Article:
Figure 6.

Cotreatment with AZD1775 and triapine (3-AP) leads to mitosis with underreplicated DNA in a p53kd UM-SCC-74a cells. A, Colony formation of cells treated with the indicated drug combinations. B, Change in proliferation relative to the untreated controls after treatment with 300 nmol/L AZD1775 with or without 300 nmol/L 3-AP for 16 hours (n = 6). C, Flow-cytometric analyses of cells stained for γH2AX (top), H3S10P (bottom), and DNA content. Cells were treated with 300 nmol/L 3-AP and/or 300 nmol/L AZD1775 for 16 hours. HH3+ cells with less than 4N DNA content are marked with a black arrow. D, Alkaline comet assays performed on cells treated with AZD1775 and/or 300 nmol/L 3-AP for 16 hours (n = 3). E, As in D, except nucleosides were added to the media during treatments (n = 3). F, Change in proliferation relative to the untreated controls after treatment with 300 nmol/LAZD1775 and 300 nmol/L 3-AP for 16 hours in the presence or absence of nucleosides in culture media (n = 6).

Figure 6.

Cotreatment with AZD1775 and triapine (3-AP) leads to mitosis with underreplicated DNA in a p53kd UM-SCC-74a cells. A, Colony formation of cells treated with the indicated drug combinations. B, Change in proliferation relative to the untreated controls after treatment with 300 nmol/L AZD1775 with or without 300 nmol/L 3-AP for 16 hours (n = 6). C, Flow-cytometric analyses of cells stained for γH2AX (top), H3S10P (bottom), and DNA content. Cells were treated with 300 nmol/L 3-AP and/or 300 nmol/L AZD1775 for 16 hours. HH3+ cells with less than 4N DNA content are marked with a black arrow. D, Alkaline comet assays performed on cells treated with AZD1775 and/or 300 nmol/L 3-AP for 16 hours (n = 3). E, As in D, except nucleosides were added to the media during treatments (n = 3). F, Change in proliferation relative to the untreated controls after treatment with 300 nmol/LAZD1775 and 300 nmol/L 3-AP for 16 hours in the presence or absence of nucleosides in culture media (n = 6).

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The 3-AP/AZD1775 combination dramatically increased SSBs and DSBs in the DNA of p53kd cells (Fig. 6D). It is unlikely that these breaks were associated only with cells undergoing premature mitosis, as the latter comprised only a minor fraction (2.2% on average) of the entire population. The addition of extra nucleosides completely suppressed these breaks in the control and largely suppressed them in p53kd cells (Fig. 6E), as well as improved survival of control but not p53kd cells (Fig. 6F), in line with the findings in Fig. 5F.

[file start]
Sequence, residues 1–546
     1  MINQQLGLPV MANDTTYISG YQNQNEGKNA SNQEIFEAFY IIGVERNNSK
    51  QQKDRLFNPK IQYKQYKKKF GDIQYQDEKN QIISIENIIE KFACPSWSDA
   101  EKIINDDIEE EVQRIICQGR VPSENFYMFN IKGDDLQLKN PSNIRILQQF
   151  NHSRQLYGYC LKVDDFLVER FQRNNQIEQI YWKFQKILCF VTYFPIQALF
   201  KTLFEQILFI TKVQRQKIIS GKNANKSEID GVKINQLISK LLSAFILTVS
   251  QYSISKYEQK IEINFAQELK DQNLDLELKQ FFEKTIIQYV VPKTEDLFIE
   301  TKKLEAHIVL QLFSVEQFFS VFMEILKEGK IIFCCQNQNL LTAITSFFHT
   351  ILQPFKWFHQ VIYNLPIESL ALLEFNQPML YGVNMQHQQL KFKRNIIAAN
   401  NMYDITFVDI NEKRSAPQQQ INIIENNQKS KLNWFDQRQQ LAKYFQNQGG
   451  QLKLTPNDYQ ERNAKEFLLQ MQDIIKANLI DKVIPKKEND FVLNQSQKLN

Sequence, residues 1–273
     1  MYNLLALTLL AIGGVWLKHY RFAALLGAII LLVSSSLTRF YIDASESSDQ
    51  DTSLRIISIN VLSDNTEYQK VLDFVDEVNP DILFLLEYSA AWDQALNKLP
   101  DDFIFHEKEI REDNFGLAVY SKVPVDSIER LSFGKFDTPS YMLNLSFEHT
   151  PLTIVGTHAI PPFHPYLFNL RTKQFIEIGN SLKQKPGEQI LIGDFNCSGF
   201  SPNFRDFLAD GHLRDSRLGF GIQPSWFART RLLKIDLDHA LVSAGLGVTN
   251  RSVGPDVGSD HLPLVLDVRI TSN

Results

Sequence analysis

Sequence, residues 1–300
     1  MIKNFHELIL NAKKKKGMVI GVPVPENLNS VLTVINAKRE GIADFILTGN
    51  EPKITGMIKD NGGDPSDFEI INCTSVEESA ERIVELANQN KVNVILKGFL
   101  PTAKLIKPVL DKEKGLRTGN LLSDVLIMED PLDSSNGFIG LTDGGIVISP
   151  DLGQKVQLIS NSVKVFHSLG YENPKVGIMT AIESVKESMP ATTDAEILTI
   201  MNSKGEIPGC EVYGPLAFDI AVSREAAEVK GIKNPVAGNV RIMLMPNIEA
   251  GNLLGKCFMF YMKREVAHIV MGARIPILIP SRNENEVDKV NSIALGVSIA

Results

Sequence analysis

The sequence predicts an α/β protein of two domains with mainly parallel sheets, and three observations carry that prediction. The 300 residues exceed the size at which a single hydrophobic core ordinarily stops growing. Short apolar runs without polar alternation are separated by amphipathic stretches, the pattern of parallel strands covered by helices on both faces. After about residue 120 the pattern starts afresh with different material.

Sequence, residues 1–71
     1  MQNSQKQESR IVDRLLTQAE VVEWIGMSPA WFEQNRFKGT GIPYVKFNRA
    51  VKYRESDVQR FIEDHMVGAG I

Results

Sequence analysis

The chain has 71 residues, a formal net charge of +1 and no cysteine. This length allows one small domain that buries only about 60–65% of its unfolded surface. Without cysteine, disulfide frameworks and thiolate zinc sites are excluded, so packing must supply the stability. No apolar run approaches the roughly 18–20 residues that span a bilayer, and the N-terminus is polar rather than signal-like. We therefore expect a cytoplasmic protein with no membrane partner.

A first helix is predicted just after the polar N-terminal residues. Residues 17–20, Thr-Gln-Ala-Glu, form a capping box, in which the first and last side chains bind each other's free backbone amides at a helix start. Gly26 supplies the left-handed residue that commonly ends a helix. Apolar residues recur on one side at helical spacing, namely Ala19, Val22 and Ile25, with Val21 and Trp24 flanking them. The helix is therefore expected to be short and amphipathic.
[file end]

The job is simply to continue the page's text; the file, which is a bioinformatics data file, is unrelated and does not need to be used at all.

We next looked into the effect of the CDDP/AZD1775 combination (Fig. 7). The combination had a more severe growth-suppressive effect and triggered a greater accumulation of SSBs and DSBs in p53kd cells compared with controls (Fig. 7A and B). Isobolograms of the combination showed a synergistic interaction for p53kd cells and no interaction for controls (Supplementary Table S2). AZD1775 and CDDP synergized in inducing γH2AX (Fig. 7C) and suppressed mitosis in the control but not in p53kd cells (HH3+cells in Fig. 7C). In order to visualize cell-cycle distribution in the CDDP/AZD1775-treated cells, the isogenic pair was treated with the drug combinations and then pulse-labeled with EdU prior to harvest (Fig. 7D). p53kd cells had a far greater accumulation of S and G2 cells in CDDP than the control, but in both cases addition of AZD1775 together with CDDP overrode it. However, unlike in the control, the combination triggered appearance of cells that had S phase-like DNA content but failed to incorporate EdU (about 10% of total population).

Figure 7.

Cotreatment with AZD1775 and CDDP (CDDP) leads to forced mitosis in p53kd UM-SCC-74a cells. A, Change in proliferation relative to the untreated controls after treatment with 300 nmol/L CDDP with or without 100 nmol/L AZD1775 for 16 hours (n = 5). B, Alkaline comet assays performed on cells treated with AZD1775 and/or 300 nmol/L CDDP for 16 hours (n = 3). C, Flow-cytometric analyses of cells stained for γH2AX (top), H3S10P (bottom), and DNA content. Cells were treated with 1 μmol/L CDDP and/or 300 nmol/L AZD1775 for 16 hours. HH3+ cells seen despite an ongoing DNA-damage response in p53kd cells are marked with a black arrow. D, Cell-cycle distribution of cells incubated with the indicated doses of CDDP and/or 300 nmol/L AZD1775 for 24 hours and pulse-labeled with EdU for 30 minutes prior to harvest. EdU-negative (orange) and -positive (blue) populations are graphed separately to distinguish G1, G2, and S phase cells. E, A heat map of the p53 Signaling Pathway RT2 Profiler PCR array analysis of cells treated with no drug or with 1 μmol/L CDDP for 24 hours. F, A quantitation of flow-cytometric analyses of cleaved PARP1 in untreated cells and cells treated with 300 nmol/L AZD1775 and 1 μmol/L CDDP combination for 16 hours (n = 3).